# Zulip Chat Archive

## Stream: maths

### Topic: GL(n)

#### Heather Macbeth (Jul 31 2020 at 20:23):

I have PR'd (#3639) that in a normed algebra, the map $x \mapsto x^{-1}$ is smooth. With this, together with #3210, #3282, #3442, #3529, I think it should be possible to prove that $GL(n)$ is a Lie group!

I have no immediate plans to do this (instead I am working on the smooth inverse function theorem, for which these are also needed), so someone else (with @Nicolò Cavalleri the obvious candidate) should feel free to take this on.

#### Nicolò Cavalleri (Jul 31 2020 at 20:34):

Haha thank you very much I will indeed take this on :wink:

#### Heather Macbeth (Jul 31 2020 at 21:15):

By the way, it should be no extra work to show that for any complete normed algebra, the group of units is a Lie group. The other Lie groups one gets this way do not seem especially inspiring ($\mathbb{R}^+\times SU(2)$ from the quaternions, $\mathbb{R}^*\times \operatorname{Aff}(1)$ from the $2\times 2$ upper-triangular matrices, etc), but they do extend the class of examples somewhat.

#### Kevin Buzzard (Jul 31 2020 at 21:26):

How about the classical groups ie symplectic, orthogonal and unitary? How about the exceptional Lie groups eg E8 or G2?

#### Heather Macbeth (Jul 31 2020 at 21:28):

For most of these, one requires the smooth implicit function theorem (which I am :working_on_it: ). That's the technical tool to prove that the level sets of a well-behaved function are a (sub)manifold.

#### Heather Macbeth (Jul 31 2020 at 21:29):

For example, for the orthogonal group, you need that a level set of the function $A \mapsto A^t A$ is a submanifold; for the special linear group, you need that a level set of the determinant function is a submanifold.

#### Heather Macbeth (Jul 31 2020 at 21:30):

Whereas, for $GL(n)$ and the other examples I listed above, they can be written as *open* subsets of some $\mathbb{R}^N$, so their manifold structure comes for free!

#### Nicolò Cavalleri (Mar 31 2021 at 16:46):

I made a PR with the little work I did this summer on this!

#### Kevin Buzzard (Mar 31 2021 at 16:50):

My understanding is that SL(n) and the classical groups (orthogonal, symplectic, unitary) will be harder -- but if Heather can do U(1) then I am optimistic that everything should be possible, at least soon...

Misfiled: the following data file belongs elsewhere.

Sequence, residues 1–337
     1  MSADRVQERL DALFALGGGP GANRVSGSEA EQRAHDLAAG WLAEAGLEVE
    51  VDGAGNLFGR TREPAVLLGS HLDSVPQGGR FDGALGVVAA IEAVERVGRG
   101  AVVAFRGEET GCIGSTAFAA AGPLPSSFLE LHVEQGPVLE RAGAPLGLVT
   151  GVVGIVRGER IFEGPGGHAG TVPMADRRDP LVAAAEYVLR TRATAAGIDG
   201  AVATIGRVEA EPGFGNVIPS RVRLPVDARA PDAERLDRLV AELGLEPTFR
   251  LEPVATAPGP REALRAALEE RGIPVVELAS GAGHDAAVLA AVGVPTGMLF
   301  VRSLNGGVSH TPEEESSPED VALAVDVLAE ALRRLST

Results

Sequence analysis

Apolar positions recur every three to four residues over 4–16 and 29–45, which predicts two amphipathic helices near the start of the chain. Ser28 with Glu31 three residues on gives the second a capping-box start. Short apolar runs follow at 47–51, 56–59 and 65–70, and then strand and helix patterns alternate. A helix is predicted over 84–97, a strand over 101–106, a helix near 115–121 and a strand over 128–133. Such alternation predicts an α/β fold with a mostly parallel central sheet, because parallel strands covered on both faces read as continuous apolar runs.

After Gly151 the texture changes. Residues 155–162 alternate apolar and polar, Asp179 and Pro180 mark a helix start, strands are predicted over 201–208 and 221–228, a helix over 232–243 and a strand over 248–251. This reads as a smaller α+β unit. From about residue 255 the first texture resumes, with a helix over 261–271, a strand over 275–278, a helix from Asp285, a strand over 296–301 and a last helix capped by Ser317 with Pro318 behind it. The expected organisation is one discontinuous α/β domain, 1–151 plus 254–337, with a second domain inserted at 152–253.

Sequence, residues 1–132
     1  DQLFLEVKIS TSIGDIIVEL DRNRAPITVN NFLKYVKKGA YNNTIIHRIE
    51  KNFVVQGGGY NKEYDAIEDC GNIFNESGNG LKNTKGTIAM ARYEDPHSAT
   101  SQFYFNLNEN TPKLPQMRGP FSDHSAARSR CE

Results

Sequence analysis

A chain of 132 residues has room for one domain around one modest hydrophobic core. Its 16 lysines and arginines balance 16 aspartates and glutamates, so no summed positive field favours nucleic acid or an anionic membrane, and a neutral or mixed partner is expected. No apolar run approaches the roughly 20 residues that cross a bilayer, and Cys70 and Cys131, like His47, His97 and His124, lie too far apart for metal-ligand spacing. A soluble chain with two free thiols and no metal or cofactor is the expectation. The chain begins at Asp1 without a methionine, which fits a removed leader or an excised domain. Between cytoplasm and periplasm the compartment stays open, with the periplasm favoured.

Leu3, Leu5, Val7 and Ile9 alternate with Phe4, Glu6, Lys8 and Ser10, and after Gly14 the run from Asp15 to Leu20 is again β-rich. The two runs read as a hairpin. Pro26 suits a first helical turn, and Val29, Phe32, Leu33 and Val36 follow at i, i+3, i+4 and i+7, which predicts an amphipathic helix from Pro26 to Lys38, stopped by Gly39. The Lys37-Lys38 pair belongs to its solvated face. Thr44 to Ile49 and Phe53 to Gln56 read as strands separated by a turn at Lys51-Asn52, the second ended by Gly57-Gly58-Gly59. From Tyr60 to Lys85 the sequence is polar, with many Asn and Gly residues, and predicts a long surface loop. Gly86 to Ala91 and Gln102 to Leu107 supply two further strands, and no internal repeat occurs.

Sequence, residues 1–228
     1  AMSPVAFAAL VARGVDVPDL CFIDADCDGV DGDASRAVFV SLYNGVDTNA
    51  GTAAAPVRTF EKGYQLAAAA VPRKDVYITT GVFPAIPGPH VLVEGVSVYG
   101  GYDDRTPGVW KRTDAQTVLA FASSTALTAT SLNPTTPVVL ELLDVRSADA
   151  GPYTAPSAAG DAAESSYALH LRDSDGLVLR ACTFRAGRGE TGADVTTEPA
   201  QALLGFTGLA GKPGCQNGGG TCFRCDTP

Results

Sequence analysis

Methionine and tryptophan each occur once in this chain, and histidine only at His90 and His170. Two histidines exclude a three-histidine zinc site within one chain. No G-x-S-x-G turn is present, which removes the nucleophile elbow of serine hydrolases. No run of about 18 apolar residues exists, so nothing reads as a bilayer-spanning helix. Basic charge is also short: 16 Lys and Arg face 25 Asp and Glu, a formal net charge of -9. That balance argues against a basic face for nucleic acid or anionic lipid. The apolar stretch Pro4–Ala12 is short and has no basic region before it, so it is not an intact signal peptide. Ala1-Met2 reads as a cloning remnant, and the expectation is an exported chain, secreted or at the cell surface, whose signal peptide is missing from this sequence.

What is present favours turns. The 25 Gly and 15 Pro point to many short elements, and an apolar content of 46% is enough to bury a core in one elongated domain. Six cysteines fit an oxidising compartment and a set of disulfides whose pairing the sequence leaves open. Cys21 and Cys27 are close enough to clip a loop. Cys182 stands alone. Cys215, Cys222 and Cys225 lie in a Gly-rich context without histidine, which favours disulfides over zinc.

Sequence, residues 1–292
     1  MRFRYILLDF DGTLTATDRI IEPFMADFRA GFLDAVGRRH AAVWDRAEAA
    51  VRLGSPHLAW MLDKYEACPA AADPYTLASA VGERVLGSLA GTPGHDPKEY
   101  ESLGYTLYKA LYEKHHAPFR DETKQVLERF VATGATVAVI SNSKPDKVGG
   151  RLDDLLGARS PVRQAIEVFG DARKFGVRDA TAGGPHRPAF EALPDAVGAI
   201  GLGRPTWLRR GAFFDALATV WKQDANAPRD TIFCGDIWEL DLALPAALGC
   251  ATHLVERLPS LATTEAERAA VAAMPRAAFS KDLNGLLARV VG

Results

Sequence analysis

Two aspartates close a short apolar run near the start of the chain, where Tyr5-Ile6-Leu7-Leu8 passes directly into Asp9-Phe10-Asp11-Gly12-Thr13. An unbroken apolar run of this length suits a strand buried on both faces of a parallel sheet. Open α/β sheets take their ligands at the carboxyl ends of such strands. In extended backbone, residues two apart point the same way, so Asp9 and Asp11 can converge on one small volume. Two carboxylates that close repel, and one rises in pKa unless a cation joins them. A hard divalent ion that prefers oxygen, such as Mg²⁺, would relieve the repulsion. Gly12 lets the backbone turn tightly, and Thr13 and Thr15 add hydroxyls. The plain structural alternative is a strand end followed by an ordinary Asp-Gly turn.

#### Bryan Gin-ge Chen (Mar 31 2021 at 17:37):

(Link to PR: #6981)

#### Roman Bars (Apr 01 2021 at 04:00):

Would it be hard to do reductive group schemes?

#### Johan Commelin (Apr 01 2021 at 05:20):

@Roman Bars What is your definition of reductive group scheme?

#### Johan Commelin (Apr 01 2021 at 05:21):

Linear affine groups over a field are probably within reach (the definition) but it will be hard to prove much about them. Otherwise, we first need a lot more general API for schemes. Currently we don't even have products of schemes, so you get stuck trying to talk about the multiplication map on a group scheme.

#### Roman Bars (Apr 01 2021 at 05:30):

I meant the definition as in http://math.stanford.edu/~conrad/papers/luminysga3smf.pdf

Let S be a scheme. An S-torus is an S-group T → S of multiplicative type with smooth connected fibers. A reductive S-group is a smooth S-affine group scheme G → S such that the geometric fibers Gs are connected reductive groups. A semisimple S-group is a reductive S-group whose geometric fibers are semisimple.

#### Johan Commelin (Apr 01 2021 at 05:38):

Roman Bars said:

I meant the definition as in http://math.stanford.edu/~conrad/papers/luminysga3smf.pdf

Let S be a scheme.

We can do that.

An S-torus is an S-group T → S

Like I said, we don't have (fibre) products of schemes, so it's not clear how to express `S-group`

. Maybe via functor of points?

of multiplicative type

needs a def

with smooth connected fibers.

`connected`

is fine, but smooth will require some work

A reductive S-group is a smooth S-affine group scheme G → S such that the geometric fibers Gs are

most of these ingredients will be ok, once we have resolved the issues flagged above

connected reductive groups.

So you need "reductive group over an algebraically closed field".

A semisimple S-group is a reductive S-group whose geometric fibers are semisimple.

So you need "semisimple over an alg. closed field".

#### Kevin Buzzard (Apr 01 2021 at 08:25):

If you're doing this properly you will also need to check things like a group scheme over a field becomes semisimple over an alg closure iff it becomes semisimple over all alg closures iff it becomes semisimple over an arbitrary alg closed extension. In fact I've never really known what a geometric point is -- in char p should one be using separable closures instead? All this looks to me like it's accessible but will need a ton of work. We have schemes but nobody did anything with them yet so we don't even know if the definition is usable

#### Adam Topaz (Apr 01 2021 at 13:01):

I think the first next thing to build with schemes is the fibered products.

Last updated: May 18 2021 at 08:14 UTC